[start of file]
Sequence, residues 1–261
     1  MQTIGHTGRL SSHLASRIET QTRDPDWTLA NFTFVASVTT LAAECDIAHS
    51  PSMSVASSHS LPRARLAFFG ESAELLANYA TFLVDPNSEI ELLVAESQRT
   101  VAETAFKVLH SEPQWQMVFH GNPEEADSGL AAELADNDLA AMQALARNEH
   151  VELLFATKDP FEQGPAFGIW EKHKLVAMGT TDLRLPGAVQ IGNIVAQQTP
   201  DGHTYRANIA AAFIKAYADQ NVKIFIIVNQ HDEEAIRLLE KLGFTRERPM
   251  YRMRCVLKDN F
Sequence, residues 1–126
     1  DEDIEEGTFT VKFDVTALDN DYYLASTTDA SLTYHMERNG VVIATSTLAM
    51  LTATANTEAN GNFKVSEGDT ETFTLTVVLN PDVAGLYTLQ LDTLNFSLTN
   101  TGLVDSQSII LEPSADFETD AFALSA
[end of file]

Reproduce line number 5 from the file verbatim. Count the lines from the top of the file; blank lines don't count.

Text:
   151  VELLFATKDP FEQGPAFGIW EKHKLVAMGT TDLRLPGAVQ IGNIVAQQTP